A forum moderator myself, I am stunned. Stunned that safety warnings were hidden; stunned that science was silenced. I can see that, in their uninformed view, Rhys was not being diplomatic; but seriously, the worst he said was "grow up", which is nothing compared to the abuse he's received. I suppose they felt that the majority must be right. But my God, deleting an official safety warning and making sure such vulnerable people remained in ignorance about what they were doing? I am so stunned I don't think I have any words. I don't think I need any, anyway. Rhys and his 30+ commentators say enough here!
He's been extremely active since then, calling Cardiff Trading Standards, who called him back with more information, and hopes to start a campaign to at least raise awareness of MMS even if it doesn't get banned. This bit I don't know much about, so we'll have to wait for that. I've predicted he'll be giving Skeptics in the Pub talks in a year or so, and have his own forum a year or so after that!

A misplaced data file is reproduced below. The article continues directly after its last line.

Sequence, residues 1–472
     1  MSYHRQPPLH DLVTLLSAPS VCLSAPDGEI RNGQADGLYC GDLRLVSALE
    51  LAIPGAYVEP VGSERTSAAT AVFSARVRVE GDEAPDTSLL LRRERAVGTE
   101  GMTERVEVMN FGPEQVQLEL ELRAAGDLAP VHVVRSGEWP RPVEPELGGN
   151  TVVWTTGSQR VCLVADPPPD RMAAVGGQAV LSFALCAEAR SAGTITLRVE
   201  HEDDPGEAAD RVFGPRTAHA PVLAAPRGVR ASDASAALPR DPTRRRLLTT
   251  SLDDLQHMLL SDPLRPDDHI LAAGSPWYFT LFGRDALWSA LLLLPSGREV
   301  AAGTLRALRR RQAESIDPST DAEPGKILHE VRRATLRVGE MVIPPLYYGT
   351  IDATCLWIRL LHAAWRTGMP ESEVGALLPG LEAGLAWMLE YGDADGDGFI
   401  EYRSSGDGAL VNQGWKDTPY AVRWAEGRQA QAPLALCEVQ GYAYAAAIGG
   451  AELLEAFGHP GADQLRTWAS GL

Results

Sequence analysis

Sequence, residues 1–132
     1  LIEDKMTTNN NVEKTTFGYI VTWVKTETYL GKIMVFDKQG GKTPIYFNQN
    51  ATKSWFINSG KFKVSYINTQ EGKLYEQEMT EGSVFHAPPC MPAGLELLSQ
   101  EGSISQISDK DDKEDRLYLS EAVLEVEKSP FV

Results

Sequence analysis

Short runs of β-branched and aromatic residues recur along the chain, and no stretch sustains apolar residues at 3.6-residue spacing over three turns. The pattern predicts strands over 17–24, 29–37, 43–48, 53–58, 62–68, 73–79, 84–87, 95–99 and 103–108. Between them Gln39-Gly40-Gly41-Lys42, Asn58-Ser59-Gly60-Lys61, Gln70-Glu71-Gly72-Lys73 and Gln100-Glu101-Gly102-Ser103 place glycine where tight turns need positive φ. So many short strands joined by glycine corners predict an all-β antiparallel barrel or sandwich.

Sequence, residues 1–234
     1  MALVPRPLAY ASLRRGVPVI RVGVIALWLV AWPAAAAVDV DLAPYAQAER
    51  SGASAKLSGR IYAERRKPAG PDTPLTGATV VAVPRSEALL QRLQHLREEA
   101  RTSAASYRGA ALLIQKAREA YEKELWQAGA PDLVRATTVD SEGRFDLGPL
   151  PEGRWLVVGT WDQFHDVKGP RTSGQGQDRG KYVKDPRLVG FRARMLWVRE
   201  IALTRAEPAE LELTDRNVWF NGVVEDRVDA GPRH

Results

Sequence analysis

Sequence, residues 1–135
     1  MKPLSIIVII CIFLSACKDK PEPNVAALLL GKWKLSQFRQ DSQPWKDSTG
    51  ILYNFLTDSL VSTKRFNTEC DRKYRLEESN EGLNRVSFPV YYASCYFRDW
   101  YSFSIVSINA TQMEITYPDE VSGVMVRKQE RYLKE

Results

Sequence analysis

Let me just mention one or two more issues. JoBrodie quite rightly pointed out the issue of cliquiness. This often makes forums miserable and annoying, skews issue in favour of opinions that aren't necessarily correct, and if the moderators are involved, certainly leads to injustice. That's one cause - the effect is a lot worse. Another cause may simply be ignorance on the part of the moderators. As pretty well anyone can set up a forum, it must be exceedingly difficult for medics and scientists to keep track of them, let alone make sure that the right information gets out to the right people. Still, as forums grow large, and especially on such a responsible topic, shouldn't we at least try? Or would that mean a lot more regulation and stifling - and could that regulation and stifling indeed lead to more censorship of science, through officialdom rather than cliques? What do you think? Someone like me should know, but sadly I don't!